The report says T-Mobile and Sprint, after their failed merger, are phasing out their low-cost phone and data plans that brought in millions of budget-minded customers.
Unfortunately, that means prices for everyone may be heading up.
The Wall Street Journal says Sprint and T-Mobile have decided to stop battling for deep discount customers, and instead will now compete with AT&T and Verizon for (more profitable) customers willing to pay more.
With less pressure to stay competitive, bills can start creeping up again.
But that's not the only reason your bill is likely to go up.
Fewer free phones
Cell carriers are also ending perks like free or heavily discounted iPhones. iPhones are now considered premium products. If you want an almost-free phone with your plan, you will have to opt for a cheap Android model.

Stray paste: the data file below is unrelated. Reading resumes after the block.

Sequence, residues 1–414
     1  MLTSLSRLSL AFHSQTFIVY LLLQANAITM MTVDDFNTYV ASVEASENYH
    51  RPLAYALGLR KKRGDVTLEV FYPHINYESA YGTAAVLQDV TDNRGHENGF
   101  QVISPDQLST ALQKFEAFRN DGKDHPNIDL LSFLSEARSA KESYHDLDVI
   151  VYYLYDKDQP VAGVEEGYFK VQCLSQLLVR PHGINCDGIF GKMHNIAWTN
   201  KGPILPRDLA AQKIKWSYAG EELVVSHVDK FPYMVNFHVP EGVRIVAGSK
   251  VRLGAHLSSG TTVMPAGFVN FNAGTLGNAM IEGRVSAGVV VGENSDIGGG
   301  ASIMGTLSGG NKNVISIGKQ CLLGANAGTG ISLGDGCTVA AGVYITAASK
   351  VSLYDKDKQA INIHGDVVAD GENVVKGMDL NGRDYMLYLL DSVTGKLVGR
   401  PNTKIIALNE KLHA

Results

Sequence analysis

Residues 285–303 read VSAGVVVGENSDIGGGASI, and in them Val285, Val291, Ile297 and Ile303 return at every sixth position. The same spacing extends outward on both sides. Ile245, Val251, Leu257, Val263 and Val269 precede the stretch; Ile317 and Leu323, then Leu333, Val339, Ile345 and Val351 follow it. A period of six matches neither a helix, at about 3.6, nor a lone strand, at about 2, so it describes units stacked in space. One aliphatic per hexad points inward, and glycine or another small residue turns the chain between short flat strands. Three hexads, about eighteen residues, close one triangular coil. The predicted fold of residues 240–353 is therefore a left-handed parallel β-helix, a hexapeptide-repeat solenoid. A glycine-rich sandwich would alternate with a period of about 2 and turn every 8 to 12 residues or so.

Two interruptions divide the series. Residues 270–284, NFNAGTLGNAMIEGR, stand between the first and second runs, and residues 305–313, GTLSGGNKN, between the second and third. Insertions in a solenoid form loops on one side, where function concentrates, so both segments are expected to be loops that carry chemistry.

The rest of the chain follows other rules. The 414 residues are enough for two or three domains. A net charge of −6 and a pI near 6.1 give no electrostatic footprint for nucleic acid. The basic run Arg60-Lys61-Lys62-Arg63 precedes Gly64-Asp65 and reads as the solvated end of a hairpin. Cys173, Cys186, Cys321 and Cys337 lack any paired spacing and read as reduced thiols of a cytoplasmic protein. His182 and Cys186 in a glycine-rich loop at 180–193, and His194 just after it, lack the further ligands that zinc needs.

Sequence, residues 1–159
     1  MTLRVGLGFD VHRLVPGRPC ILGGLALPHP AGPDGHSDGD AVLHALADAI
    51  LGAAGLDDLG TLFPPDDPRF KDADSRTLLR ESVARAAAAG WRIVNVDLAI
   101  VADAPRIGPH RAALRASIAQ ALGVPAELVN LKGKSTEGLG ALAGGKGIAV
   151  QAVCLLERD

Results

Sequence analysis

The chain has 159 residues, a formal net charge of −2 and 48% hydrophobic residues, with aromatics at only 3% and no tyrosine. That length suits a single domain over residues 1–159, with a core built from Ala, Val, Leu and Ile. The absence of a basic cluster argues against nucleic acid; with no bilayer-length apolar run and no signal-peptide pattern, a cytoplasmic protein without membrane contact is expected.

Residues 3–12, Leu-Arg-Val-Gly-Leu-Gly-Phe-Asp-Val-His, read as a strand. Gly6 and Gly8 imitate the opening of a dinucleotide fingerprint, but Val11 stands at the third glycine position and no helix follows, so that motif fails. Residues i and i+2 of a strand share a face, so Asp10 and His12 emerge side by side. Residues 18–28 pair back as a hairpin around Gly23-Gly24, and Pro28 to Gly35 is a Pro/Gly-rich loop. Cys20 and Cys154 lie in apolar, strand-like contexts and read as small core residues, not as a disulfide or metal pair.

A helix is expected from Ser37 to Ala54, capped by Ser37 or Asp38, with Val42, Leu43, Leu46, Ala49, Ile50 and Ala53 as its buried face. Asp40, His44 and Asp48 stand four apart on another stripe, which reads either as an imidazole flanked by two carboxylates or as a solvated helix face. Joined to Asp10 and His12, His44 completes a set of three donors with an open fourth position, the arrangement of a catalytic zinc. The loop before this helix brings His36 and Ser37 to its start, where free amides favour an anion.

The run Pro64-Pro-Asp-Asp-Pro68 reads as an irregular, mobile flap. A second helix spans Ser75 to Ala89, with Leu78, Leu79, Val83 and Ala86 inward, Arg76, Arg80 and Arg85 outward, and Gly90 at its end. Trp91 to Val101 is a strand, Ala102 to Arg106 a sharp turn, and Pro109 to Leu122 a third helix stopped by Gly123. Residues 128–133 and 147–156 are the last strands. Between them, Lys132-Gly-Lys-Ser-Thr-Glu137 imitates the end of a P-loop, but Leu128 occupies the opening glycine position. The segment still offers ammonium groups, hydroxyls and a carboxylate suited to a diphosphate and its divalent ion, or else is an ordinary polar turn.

The Wall Street Journal says the new iPhone 8 and 10 are much more expensive than the old 4s and 5s.
So if you want one, be prepared to pay $700 or more, which most people typically roll into their monthly bill, sending that bill even higher.